Articles Posted in Community Property

One of the biggest issues in divorce that tends to affect the parties’ relative financial positions going forward is the identification and division of marital property. Determining what is separate rather than community property can become quite complicated. Consider that in many cases, as people are getting married later in life, each party may bring to the marriage an assortment of separate assets and debts. Upon marriage, the question of what happens to each person’s separate property is not necessarily clear. Much depends on the explicit actions and declarations of the parties. If you are considering a divorce, it is extremely important that you assess the state of your marital and separate property as early in the process as possible. In order to effectively address these issues, you are encouraged to contact a local San Diego family law attorney.

In divorce proceedings, parties often are unable to come to an agreement as to the character of certain assets and debts. When this occurs, courts have the authority to step in to identify and divide the marital property. In a recent California divorce case, the court of appeals was asked to decide whether the husband had “transmuted” his separate property to community property, for purposes of asset and debt distribution. There are state laws that address this very situation and must be analyzed to determine the appropriate outcome in each case.
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Under California law, community property is defined as property acquired during the marriage (with certain limited exceptions). Property acquired prior to the marriage is presumptively considered separate property. Virtually every divorce proceeding involves the division of community property, to some degree. Of course, each case is unique in terms of the extent of property subject to division and the method of valuation of the assets in question. The importance of accurately identifying, characterizing, and valuing such property cannot be overstated. Accordingly, parties who are considering divorce are encouraged to contact an experienced San Diego family law attorney who can guide you through this extremely important part of any divorce case.

In a recent, complicated California divorce case, the parties argued over many financial issues, including whether the business founded by the husband before the marriage was subject to division as marital (community property) in divorce. The trial court awarded the husband the business as his separate property and also awarded the “community” an equitable allocation under two different prior court rulings. Among other things, the wife argued that the court erred by not concluding that the community owns all or most of the business in question. She claimed that the company became an entirely new business during the marriage, thus losing its characterization as separate property.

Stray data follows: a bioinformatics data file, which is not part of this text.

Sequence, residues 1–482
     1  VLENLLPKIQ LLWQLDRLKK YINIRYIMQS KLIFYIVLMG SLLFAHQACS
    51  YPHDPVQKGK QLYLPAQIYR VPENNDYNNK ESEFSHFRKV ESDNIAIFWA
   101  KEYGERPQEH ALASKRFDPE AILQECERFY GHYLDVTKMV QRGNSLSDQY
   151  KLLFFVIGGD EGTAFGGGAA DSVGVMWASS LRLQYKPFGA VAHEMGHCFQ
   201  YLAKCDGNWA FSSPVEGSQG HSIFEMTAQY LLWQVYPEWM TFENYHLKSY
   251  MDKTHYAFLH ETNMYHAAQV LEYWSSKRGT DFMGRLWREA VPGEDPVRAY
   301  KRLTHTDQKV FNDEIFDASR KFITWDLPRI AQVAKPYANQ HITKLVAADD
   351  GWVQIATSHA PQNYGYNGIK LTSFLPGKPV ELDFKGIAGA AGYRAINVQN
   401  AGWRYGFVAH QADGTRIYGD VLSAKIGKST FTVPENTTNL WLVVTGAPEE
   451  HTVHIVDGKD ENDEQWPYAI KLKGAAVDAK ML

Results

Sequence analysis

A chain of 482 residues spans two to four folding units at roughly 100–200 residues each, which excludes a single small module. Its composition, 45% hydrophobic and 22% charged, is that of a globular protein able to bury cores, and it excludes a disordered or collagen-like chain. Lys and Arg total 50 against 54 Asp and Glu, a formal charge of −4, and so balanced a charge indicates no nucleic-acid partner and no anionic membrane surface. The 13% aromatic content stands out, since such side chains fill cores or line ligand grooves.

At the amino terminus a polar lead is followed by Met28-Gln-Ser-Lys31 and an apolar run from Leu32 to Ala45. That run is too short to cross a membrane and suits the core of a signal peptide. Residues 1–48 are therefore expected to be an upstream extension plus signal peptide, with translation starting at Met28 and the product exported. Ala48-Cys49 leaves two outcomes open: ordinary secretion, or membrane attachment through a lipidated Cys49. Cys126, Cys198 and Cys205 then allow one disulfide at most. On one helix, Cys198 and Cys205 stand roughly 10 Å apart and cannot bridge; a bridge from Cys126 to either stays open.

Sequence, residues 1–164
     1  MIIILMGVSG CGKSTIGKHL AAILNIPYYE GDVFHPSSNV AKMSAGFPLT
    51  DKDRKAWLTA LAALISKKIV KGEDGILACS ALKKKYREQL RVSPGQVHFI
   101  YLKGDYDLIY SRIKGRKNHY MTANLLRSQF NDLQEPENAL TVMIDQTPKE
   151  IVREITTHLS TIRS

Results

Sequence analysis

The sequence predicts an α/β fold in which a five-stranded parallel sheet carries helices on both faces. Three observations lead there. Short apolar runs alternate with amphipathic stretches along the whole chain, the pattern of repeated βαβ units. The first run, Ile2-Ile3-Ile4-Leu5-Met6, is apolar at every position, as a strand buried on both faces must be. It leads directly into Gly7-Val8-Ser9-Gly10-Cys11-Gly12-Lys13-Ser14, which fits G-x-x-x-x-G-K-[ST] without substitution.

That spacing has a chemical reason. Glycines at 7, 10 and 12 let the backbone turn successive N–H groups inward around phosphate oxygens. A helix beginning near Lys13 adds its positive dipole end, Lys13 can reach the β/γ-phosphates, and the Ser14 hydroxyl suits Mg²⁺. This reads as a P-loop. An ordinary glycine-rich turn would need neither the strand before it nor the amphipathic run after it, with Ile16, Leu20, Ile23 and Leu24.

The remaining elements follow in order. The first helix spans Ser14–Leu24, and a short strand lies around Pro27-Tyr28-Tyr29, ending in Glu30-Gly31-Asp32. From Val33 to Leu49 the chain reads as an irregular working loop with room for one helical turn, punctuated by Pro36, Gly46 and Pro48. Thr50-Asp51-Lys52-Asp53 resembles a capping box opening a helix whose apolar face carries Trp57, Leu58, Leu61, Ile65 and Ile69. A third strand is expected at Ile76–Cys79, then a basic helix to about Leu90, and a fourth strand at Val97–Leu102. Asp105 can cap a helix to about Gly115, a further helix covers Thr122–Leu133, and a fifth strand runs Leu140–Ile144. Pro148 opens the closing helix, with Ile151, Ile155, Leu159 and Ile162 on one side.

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California law sets forth certain grounds on which parties may petition a court to set aside a divorce judgment. These grounds include actual fraud, perjury, duress, mental incapacity, mistake of law or fact, and the failure to comply with statutory disclosure requirements. The law also grants courts the discretion to determine whether one party or the other has presented sufficient evidence to set aside a judgment. In most divorce cases, spouses feel some relief when the court issues the final judgment. But in some cases, one spouse may find legitimate grounds to set aside the decision. No matter what the situation, it is vitally important that the parties each consult with their own family law attorney at the outset to ensure that their rights are protected. Couples are encouraged to reach out to an experienced divorce lawyer from the San Diego area, someone who is fully aware of the laws affecting their family.

In a recent divorce case, the husband moved to set aside the divorce judgment, claiming that he had made a mistake concerning the value of the former family home. When a married couple divorces, their accumulated community assets will be divided between them. In many cases, the family home represents the couple’s largest jointly owned asset, subject to division in divorce. Any errors, mistakes, or deliberate deception with respect to the value of a family home may provide sufficient grounds to set aside a divorce judgment.
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Every state in the country enacts its own laws governing marriage and divorce. Many people know that California is a “community property” state, which means that most assets and debts acquired during the marriage are subject to division between the spouses in divorce. Identifying and characterizing such property can have wide-ranging effects on the relative financial positions of the divorcing parties. For this reason, spouses often dispute the character of various assets when it comes time to dividing up marital property. If you make the decision to divorce, it is extremely important to protect your future and your financial rights. An experienced San Diego family law attorney would know and understand the local laws governing the division of property and would work to ensure that your rights are sufficiently protected.